Dublin, Ireland, - May 31 2022 - BSO, the global pioneering infrastructure and connectivity provider, today revealed new research uncovering a “resilience paradox” suggesting that financial institutions have come to tolerate poor cloud connectivity experiences.
Nearly all IT decision-makers rated their connectivity as being extremely or very resilient, yet all had experienced outages to some degree with almost half experiencing outages at least monthly. The sluggishness to move to more reliable cloud options is costing financial institutions 21%-50% of revenue on average yet only 2% of financial institutions are planning to change cloud providers in the near term. The findings are a surprising contradiction given the availability of cloud solutions on the market that guarantee 99.99% uptime and 100% data durability for object storage.
The report, Cloud connectivity and the future of financial markets, is based on a survey of 600 IT decision-makers in financial service sectors including banking, trading, brokerage, financial exchanges, and crypto exchanges. Businesses from across the world were surveyed including France, Germany, the UK, the US, Hong Kong, Singapore, and Brazil.
Key findings include:
Performance: In all sectors and countries average losses for financial service firms due to poor network performance topped $67mn for the past 12 months.
Data security: The most pronounced impact that security breaches had on businesses was on lost or misdirected payments, with over half of businesses (52%) experiencing them, closely followed by the inability to access accounts or accounts suspended (47%) and inability to use the full, promised functionality of cloud-based applications (41%).
Global scale: 2 in 5 (38%) respondents said poor cloud connectivity stopped them from expanding into a new geographic market. Nearly half (48%) said it stopped them from launching a new product or service. Over 2 in 10 (22%) said it stopped them from expanding into a new sector.
Top considerations for selecting a new cloud connectivity provider: Quantity of cloud on-ramps (51%), technology and services that align with business needs (49%), low number of transactions needing repairs or returns (48%), the ability to exit with no risk of vendor lock-in (39%) and better choices of currencies (39%) were the top five considerations for businesses when selecting a new provider.
The pandemic effect: Contrary to popular belief, the pandemic was not a major stimulus of cloud investment because most businesses (99%) had already started using cloud to access applications before the pandemic.
The research also found a “north-south cloud divide” when comparing markets across several cloud performance metrics. France, UK and US firms consistently estimated considerably higher impacts from poor cloud performance when compared to their southern hemisphere counterparts, Hong Kong, Singapore and Brazil. Cumulative losses topped $442.67mn for France, UK and US firms dwarfing losses of $64.71mn from Hong Kong, Singapore, Brazil firms.
The north-south cloud divide key findings include:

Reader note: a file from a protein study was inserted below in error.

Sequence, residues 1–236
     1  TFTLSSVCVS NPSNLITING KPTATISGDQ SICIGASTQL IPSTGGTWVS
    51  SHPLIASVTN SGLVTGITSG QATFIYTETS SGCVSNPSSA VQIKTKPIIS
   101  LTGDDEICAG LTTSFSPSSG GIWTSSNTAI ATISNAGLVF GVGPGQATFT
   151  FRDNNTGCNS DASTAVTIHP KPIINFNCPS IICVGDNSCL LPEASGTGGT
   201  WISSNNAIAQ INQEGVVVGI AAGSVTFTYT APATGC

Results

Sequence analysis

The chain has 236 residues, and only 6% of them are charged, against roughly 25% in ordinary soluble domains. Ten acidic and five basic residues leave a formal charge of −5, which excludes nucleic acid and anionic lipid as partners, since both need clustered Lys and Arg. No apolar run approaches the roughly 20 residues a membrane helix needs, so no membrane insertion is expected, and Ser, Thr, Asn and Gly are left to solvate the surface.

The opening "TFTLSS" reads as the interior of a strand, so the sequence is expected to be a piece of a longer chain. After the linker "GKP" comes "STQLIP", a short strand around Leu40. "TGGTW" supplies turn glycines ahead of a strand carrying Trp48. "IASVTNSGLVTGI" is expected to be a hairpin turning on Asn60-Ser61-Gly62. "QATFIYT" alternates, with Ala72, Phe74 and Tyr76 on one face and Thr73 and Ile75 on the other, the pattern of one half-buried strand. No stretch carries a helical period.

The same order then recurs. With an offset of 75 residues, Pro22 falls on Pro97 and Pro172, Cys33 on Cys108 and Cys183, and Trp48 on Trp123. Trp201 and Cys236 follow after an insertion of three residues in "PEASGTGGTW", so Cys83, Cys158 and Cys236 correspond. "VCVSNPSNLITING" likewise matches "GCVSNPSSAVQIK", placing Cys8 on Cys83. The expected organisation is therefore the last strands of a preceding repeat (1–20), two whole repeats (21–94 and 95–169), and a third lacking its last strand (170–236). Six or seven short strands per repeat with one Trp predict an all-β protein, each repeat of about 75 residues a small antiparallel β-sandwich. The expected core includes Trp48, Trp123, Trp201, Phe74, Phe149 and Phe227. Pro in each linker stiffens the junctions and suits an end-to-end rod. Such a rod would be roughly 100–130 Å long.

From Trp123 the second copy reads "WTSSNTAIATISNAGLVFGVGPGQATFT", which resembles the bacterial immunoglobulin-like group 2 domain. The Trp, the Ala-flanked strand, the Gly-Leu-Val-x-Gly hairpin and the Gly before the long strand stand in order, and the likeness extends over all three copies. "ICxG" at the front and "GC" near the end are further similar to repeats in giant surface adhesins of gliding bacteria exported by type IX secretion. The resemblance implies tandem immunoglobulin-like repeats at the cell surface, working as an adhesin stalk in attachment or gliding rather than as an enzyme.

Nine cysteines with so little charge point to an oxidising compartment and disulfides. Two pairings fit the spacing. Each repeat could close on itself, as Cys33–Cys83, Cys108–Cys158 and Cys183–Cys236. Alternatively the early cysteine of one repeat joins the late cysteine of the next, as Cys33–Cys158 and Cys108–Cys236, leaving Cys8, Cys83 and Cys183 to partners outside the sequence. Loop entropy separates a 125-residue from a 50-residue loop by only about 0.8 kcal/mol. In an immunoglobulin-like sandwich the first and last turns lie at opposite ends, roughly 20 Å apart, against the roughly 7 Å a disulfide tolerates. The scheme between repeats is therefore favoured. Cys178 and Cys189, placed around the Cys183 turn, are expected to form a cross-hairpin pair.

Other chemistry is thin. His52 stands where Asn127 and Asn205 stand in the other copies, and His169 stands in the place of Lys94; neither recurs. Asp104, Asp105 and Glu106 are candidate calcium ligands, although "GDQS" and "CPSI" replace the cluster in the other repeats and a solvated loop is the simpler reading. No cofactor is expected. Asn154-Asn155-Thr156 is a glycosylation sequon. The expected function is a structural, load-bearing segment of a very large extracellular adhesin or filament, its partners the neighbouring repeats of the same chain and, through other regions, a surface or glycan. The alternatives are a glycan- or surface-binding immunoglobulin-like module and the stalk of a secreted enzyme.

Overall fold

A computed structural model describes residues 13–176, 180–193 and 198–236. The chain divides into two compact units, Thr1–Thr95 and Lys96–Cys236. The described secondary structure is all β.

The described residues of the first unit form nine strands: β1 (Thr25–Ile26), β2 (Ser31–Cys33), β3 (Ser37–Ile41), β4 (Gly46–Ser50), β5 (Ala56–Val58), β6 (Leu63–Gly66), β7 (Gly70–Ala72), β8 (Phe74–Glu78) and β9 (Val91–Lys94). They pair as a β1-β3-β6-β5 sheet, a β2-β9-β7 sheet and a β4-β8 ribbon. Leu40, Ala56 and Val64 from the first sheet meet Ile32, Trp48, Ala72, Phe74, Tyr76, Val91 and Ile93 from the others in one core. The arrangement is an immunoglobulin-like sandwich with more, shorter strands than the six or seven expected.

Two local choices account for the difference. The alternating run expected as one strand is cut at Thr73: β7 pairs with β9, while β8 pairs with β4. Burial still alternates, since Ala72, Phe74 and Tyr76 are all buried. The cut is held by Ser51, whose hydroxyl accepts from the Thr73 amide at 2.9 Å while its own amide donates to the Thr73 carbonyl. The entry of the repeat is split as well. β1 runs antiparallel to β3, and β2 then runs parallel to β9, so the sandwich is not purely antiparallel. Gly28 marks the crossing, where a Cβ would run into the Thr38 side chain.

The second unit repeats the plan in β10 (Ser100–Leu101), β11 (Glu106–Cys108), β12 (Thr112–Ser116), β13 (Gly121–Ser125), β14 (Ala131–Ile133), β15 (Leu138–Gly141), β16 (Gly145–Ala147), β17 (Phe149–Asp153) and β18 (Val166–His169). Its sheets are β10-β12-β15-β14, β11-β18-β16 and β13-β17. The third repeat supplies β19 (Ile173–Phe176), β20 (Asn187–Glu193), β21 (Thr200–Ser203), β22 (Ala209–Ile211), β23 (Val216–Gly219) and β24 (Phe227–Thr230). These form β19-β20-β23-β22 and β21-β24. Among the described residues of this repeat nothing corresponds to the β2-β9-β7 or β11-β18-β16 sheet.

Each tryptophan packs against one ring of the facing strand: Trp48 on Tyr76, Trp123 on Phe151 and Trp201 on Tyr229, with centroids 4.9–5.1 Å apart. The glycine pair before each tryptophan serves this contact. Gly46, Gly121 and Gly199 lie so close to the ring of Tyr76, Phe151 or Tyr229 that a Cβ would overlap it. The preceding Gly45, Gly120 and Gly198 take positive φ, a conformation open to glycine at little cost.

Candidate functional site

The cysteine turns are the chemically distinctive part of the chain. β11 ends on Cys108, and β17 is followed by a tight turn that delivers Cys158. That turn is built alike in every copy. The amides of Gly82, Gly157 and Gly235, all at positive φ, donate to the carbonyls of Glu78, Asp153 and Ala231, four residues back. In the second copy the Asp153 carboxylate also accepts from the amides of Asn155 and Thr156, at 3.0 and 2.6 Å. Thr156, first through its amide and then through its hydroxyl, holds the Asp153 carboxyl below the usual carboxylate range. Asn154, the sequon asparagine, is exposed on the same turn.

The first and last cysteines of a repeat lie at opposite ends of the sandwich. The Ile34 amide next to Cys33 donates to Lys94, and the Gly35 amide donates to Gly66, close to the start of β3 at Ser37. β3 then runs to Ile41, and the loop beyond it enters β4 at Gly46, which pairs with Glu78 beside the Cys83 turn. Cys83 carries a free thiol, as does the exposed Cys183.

Low latency: On average firms lost $14mn due to lost trades in the past 12 months due to the inability to achieve low-latency goals with US ($64.45mn), UK ($16.18mn) and French ($15.97mn) firms experiencing the most significant losses.
Scaling resources: Over $25m in revenue was lost in the last 12 months on average from the inability to effectively scale resources. The US recognised shockingly higher losses ($142.83mn) than the rest of the world and dwarfs UK firms ($15.43mn) in second place.
Sourcing real time market data: The inability to source real-time market data cost banks $18mn on average. US banks lost $44.72mn followed by UK banks ($14.63mn) and French banks ($12.69mn).
“The importance of cloud technologies is well-established among financial service institutions, but this is the first report of its kind to uncover the impact of poor cloud connectivity on the commercial success of businesses. The losses financial service institutions have witnessed in the last year due to poor cloud connectivity should be a wake-upcall to the industry.” Said Michael Ourabah, CEO of BSO. “The findings raise an important question - why areinstitutions hesitating to make changes to their cloud connectivity whensolutions are readily available? Whatever the answer, the most successful institutions will be those that take a proactive approach to their cloud strategy.”
The company was founded in 2004 and serves the world’s largest financial institutions. BSO is a global pioneering infrastructure and connectivity provider, helping over 600 data-intensive businesses across diverse markets, including financial services, technology, energy, e-commerce, media and others. BSO owns and provides mission-critical infrastructure, including network connectivity, cloud solutions, managed services and hosting, that are specific and dedicated to each customer served.
The company’s network comprises 240+ PoPs across 33 markets, 40+ cloud on-ramps, is integrated with all major public cloud providers and connects to 75+ on-net internet exchanges and 30+ stock exchanges. The team of experts works closely with customers in order to create solutions that meet the detailed and specific needs of their business, providing the latency, resilience and security they need regardless of location.
BSO is headquartered in Ireland, and has 11 offices across the globe, including London, New York, Paris, Dubai, Hong Kong and Singapore. Access our website and find out more information: www.bso.co
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